The Joy of Metal Clay: Base Metal Clays

This past week I was fortunate enough to play around with some of Hadar’s base metal clays. The last time I had used Hadar’s clay she only had Copper and Bronze clay, now when I look at her site I feel like a kind in a candy store.

This week I experiemented with combining some pearl grey steel with copper clay (THANKS Liz). Sadly, I have not fired them as they got damaged in transit and I haven’t had time to repair them. (I may just fire them as is as I can’t wait to see what they look like!).

All this to say I thought I would introduce you to the world of base metal clays. There are many companies developing and selling base metal clays. Unlike silver clay where there are similarities between brands, base metal clays vary significantly on firing and handling.

Generally, most base metal clays require the use of a kiln to fire (there are a few exceptions). In addition most of the base metal clays require that you fire them in an oxygen free enviroment. This is primarily acheived by using a heatproof container filled with carbon.

I know all this can be confusing so let me start by introducing you to the main types of base metal clays. Then in the weeks to come I will comment on specifics.

Here are some of the brands of base metal clay:

Hadar Jacobson (her site is http://www.artinsilver.com/)

In my opinion she has been on e of the pioneers in the whole base metal clay business. Her current types of clays available are:

  • Copper (both quick fire and original)
  • Bronze (both quick fire and original)
  • Quick Fire White Bronze
  • Quick Fire Steel
  • Pearl Grey Steel

All of her clays come dry and require that the purchaser mix their own clay by adding distilled water and they all require kiln firing in carbon.

Ms. Jacobson’s website is a wealth of information about mixing and creating with her clays. It is a FABULOUS resource no matter what type of metal clay you choose to use. She also has a series of fabulous books.

Metal Adventures (formerly Metal Clay Adventures)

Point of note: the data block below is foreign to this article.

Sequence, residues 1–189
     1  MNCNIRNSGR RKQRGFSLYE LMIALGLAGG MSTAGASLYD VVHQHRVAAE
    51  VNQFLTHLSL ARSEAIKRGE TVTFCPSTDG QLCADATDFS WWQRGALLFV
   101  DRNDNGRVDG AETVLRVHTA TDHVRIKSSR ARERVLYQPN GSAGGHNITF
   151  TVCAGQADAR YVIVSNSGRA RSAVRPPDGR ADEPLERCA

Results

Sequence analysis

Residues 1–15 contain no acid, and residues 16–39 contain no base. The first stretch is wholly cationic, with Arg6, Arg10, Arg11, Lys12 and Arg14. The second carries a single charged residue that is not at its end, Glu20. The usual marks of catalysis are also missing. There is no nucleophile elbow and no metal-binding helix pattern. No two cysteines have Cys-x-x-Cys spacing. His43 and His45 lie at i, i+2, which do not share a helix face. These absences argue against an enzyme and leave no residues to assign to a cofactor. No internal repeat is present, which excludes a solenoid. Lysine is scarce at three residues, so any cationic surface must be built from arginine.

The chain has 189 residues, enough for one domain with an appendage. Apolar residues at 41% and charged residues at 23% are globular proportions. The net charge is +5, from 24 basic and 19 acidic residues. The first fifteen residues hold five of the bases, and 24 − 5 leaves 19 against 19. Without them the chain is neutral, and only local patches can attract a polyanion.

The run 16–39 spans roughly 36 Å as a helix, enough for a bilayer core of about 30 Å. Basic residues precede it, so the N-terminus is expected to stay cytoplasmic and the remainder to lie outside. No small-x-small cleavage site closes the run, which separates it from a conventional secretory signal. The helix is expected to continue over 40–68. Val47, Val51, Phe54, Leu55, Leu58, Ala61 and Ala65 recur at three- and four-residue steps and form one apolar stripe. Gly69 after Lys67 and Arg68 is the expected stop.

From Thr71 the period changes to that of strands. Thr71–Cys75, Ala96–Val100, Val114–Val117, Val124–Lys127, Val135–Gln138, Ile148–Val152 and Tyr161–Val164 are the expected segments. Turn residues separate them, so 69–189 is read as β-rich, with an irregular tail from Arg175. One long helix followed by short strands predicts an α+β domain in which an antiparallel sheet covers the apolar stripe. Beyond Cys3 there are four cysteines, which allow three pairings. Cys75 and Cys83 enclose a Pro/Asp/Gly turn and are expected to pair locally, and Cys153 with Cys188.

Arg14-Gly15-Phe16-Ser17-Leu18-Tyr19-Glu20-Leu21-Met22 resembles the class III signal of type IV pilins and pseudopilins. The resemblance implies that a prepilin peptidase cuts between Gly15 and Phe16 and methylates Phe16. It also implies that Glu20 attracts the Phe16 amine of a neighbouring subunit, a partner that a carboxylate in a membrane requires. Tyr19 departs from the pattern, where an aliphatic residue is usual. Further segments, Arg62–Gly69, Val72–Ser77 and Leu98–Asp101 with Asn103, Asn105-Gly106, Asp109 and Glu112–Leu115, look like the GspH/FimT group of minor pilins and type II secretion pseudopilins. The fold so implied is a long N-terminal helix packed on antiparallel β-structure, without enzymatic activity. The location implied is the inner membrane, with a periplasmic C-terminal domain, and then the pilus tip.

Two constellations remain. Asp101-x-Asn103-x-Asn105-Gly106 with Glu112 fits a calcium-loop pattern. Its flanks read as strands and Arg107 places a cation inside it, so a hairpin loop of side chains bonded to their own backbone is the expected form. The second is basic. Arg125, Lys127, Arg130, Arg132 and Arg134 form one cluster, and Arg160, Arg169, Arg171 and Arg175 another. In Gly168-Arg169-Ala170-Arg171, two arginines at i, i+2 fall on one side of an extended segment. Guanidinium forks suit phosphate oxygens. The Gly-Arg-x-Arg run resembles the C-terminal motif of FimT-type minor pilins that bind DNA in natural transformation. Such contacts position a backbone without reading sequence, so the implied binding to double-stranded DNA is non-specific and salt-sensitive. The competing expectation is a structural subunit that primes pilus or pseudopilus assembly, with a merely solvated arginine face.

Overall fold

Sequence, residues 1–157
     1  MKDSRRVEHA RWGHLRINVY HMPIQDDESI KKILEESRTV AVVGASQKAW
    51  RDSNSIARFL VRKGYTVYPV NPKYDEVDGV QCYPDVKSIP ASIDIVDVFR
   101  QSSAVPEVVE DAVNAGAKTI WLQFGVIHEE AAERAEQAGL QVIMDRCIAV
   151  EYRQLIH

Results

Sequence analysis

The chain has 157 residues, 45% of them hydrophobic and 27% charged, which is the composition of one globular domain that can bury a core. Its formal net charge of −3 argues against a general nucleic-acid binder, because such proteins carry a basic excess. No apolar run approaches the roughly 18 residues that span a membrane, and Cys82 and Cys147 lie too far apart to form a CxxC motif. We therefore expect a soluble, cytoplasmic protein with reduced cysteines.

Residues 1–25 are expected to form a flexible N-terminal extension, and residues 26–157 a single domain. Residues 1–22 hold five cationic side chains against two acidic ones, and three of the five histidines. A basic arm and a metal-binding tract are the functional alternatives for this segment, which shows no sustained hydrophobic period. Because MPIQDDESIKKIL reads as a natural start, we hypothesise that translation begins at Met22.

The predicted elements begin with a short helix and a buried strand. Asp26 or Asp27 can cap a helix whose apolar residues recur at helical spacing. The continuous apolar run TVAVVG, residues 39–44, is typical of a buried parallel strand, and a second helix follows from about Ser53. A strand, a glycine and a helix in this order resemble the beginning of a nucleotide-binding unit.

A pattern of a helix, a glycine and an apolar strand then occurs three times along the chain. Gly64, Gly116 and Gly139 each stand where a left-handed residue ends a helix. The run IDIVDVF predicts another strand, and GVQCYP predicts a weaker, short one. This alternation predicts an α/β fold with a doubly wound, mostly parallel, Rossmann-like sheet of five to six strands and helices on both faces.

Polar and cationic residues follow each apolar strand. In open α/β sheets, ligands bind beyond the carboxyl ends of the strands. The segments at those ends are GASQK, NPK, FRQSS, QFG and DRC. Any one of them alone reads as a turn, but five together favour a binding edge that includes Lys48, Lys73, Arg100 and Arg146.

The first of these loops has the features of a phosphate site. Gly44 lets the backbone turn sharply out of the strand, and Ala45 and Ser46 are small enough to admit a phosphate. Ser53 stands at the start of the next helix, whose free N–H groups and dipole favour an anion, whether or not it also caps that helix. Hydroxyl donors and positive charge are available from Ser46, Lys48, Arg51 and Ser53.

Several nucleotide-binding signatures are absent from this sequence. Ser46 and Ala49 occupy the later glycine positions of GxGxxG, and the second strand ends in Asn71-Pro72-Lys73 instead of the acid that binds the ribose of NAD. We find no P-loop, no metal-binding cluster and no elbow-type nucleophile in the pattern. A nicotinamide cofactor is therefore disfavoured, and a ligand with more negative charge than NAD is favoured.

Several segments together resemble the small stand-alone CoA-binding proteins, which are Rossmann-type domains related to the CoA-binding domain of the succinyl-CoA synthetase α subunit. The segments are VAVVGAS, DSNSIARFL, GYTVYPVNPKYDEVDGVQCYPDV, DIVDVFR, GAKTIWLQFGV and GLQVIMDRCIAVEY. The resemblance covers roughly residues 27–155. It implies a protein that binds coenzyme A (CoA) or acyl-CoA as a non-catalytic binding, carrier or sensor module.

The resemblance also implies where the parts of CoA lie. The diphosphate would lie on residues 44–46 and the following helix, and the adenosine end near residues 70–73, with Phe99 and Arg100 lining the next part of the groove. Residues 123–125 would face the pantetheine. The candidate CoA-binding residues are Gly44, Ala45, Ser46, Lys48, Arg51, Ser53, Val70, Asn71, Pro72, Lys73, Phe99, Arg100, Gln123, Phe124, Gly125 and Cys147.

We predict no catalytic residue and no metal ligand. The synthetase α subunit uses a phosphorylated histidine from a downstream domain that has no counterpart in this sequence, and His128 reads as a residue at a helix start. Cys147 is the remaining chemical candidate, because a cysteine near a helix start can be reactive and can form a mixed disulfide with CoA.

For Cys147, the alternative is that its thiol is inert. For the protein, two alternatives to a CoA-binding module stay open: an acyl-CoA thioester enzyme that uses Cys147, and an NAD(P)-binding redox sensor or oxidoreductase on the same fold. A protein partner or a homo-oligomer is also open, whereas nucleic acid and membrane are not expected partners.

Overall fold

This is another North American source of base metal clays. The types of metal clays they create are:

These clays come already mixed and require kiln firing in carbon. There is a great source of information about BRONZclay by M. Schindlel published on Squidoo BronzClay it is a great resource and it appears she is working on one for the Copprclay too.

Art Clay

Art Clay, the makers of Art Clay Silver released in December 2009 their version of copper clay. It is called Art Clay Copper and is different than the other types of copper. This clay can be torch fired (but it takes over 5 minutes) and can be kiln fired without any carbon or medium to facilitate sintering. I have worked quite a bit with this copper and will post a detailed post about it in the weeks to come. (Art Clay Copper Information)

Prometheus (http://hobbymaxistore.com/)

This company is from Turkey and make the only bronze clay that I am aware of that does not require the use of a activated carbon for firing. Instead you are to wrap it in paper towel then in a fiber blanket. They now have two types of clay available:

  • Prometheus Bronze
  • Prometheus Copper

On their website there is a forum discussing firing experiments.

I have some of this clay, but have not finished my experiments with it. I have tried torch firing it and was successful. The piece is much rosier that the other bronzes I have used.

Make Your Own!!!

Apparently you could make your own. There are tutorials on the web on how to do this. Metal Clay Academy has a whole page of links on how to do this – Make your own MC. I doubt I will ever get around to trying this. If you have let us know what you think.

Base metal clays can all be unique. In the next few weeks I hope to elaborate on the base clays I have tried.

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